I read the first Enola Holmes mystery thinking that it was an early reader (maybe a step above Judy Moody, but below Gregor the Overlander), which it definately was not. The writing is superb and quite a bit more advanced than Gregor, though it should still be readable by the older elementary school crowd. However, I didn't particularly enjoy it. Since most people really liked Enola, and I am always up to a good mystery, I decided to give this one a chance. I'm really glad I did!

Enola is an interesting character who seems wise beyond her years. Possibly this is due to her odd upbringing and the fact that she's quite bright, but she really doesn't feel like a 14 year old when I read her. Other than that little aside, she really is interesting. Knowing that her brothers probably think she is dressed up as a boy, she chooses instead to remain "hidden" by dressing as various women and working right out in the open. She cleverly uses clothing required at the time (ie corsets) to her advantage and seems to have a gift in disguises.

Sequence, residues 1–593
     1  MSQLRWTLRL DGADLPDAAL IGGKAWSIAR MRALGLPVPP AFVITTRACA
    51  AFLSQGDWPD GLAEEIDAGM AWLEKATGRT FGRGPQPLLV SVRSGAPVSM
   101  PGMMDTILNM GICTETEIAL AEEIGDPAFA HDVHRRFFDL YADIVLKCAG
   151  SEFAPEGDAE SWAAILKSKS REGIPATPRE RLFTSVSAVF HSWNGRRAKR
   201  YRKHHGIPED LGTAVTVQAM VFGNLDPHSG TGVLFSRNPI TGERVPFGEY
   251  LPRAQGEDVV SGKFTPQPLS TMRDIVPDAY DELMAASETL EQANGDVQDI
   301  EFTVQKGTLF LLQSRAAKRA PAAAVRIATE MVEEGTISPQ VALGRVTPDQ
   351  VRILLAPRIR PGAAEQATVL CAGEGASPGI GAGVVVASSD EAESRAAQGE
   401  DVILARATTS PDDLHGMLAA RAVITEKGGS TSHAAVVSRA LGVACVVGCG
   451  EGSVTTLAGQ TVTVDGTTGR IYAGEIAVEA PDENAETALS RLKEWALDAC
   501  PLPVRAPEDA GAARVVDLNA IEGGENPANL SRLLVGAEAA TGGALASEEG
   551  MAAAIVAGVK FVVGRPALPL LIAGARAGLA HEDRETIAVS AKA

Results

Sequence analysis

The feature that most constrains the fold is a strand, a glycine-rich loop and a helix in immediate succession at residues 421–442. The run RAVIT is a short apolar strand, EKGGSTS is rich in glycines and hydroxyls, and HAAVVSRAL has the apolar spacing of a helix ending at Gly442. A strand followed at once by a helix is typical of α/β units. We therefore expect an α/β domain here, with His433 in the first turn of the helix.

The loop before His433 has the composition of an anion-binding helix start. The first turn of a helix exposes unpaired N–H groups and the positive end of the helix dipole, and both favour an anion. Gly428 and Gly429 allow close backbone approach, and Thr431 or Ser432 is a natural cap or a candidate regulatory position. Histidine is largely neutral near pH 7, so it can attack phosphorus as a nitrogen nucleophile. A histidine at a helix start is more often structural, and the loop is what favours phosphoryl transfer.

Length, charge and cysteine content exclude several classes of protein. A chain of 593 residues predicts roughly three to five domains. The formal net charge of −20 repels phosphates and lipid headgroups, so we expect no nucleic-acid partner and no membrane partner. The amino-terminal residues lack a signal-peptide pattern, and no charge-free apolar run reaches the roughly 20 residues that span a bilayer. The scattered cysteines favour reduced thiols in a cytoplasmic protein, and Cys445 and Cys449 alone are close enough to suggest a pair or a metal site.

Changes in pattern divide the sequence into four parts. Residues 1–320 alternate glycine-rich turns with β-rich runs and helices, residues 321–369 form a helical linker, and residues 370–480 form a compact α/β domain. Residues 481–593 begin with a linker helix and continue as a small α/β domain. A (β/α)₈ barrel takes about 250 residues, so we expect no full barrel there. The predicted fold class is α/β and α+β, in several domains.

I'm not sure how much I liked how Sherlock was portrayed in this book - I love the grouchy old Holmes with all of my heart. But, I do tend to think that even grouchy old men hold a soft spot somewhere, and if his soft spot is for his much younger sister than so be it. He plays such a minor roll that I try not to worry about it.

The mystery itself was pretty good as well. I'm not really sure I understood the significance of the left hand - or at least why Enola jumped on it so quickly when she realized that Miss Austair used her left hand to draw some pictures. However, the mystery felt real, and kept me guessing for a while (I did figure most of it out before Enola), which is the most important aspect for me in a good mystery.

Overally, I enjoyed the book quite a bit, and I think I will re-read the first. Maybe I was just so shocked by how much better the story was developed that I had imagined that I judge the book prematurely.

4 out of 5 stars

Oh, the first one is called: The Case of the Missing Marquess and you do not have to read it first, though it will help explain why Enola is on the run and what happened to her mother.

Tuesday, July 22, 2008

Someone Named Eva

by Joan M. Wolf